The Legal Aid Agency will have to gear up for another High Court showdown after a civil liberties group was granted permission to challenge the lack of public funding to help homeless people targeted by protection orders aimed at tackling anti-social behaviour.
Liberty says councils have used public space protection orders to criminalise homelessness but that the agency will not help people challenge the order 'even if it unjustifiably affects the poorest in society'.
Local authorities can make the orders to ban activities carried out in a public placed deemed to have a detrimental effect on residents' quality of life. The Home Office says the orders should be used proportionately to tackle anti-social behaviour and not to target specific groups or vulnerable people. Liberty says they have been made to ban rough sleeping.
Challenges to the orders do not fall within the scope of legal aid.
When Liberty applied to the High Court in October to challenge the lack of legal aid, legal officer Rosie Brighouse said at the time that the agency's position 'robs all but the wealthy of their ability to challenge council abuse of power'.
Yesterday, she tweeted:
Today was a good day in court https://t.co/q9kyMB0elh— Rosie Brighouse (@RBrighouse1) January 15, 2019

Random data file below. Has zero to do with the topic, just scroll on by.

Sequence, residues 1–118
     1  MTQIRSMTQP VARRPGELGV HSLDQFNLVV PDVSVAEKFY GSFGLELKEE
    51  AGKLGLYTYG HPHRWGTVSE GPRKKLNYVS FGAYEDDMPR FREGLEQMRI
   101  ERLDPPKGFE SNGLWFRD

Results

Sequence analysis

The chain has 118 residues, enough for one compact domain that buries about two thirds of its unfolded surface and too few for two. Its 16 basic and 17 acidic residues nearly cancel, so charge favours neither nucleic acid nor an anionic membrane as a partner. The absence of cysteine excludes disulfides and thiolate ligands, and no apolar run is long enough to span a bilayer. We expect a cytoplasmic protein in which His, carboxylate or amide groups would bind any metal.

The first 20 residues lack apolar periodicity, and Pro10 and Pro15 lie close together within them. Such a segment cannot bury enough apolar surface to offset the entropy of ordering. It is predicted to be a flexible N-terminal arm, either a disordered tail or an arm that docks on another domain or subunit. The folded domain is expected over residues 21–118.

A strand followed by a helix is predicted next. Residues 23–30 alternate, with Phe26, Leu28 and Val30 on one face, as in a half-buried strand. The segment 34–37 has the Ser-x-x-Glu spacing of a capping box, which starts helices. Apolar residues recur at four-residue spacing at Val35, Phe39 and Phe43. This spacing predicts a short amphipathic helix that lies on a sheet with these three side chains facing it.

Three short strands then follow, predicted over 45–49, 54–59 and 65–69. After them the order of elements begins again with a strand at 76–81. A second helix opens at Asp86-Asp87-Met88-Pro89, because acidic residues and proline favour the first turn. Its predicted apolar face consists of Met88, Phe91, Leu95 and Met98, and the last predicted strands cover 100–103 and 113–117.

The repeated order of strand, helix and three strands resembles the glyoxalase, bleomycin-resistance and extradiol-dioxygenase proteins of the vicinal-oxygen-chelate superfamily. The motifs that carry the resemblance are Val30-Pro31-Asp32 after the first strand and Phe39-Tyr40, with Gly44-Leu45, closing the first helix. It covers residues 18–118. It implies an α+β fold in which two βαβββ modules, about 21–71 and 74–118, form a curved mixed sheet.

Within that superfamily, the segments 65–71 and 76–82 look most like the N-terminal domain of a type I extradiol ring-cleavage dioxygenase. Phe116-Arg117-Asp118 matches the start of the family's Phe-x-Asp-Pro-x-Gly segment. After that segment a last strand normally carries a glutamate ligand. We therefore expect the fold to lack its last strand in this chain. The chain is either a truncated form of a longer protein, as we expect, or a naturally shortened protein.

Last year Liberty represented a Poole resident who sought to challenge her borough council's order in June but the case was put on hold when the agency refused to assist. According to Liberty, the agency said the case did not benefit the client and insisted that any litigation could be financed by crowdfunding instead.
Liberty says the orders are 'already notoriously difficult to challenge' as legal cases must be lodged within six weeks of an order coming into force. The agency's stance 'compounds the situation, making it almost impossible to get to court'.
The High Court case will be heard within three months. Liberty has instructed Jamie Burton and Angela Patrick of Doughty Street Chambers.
A spokesperson for the LAA said: 'It would be inappropriate for us to comment as legal proceedings are ongoing.'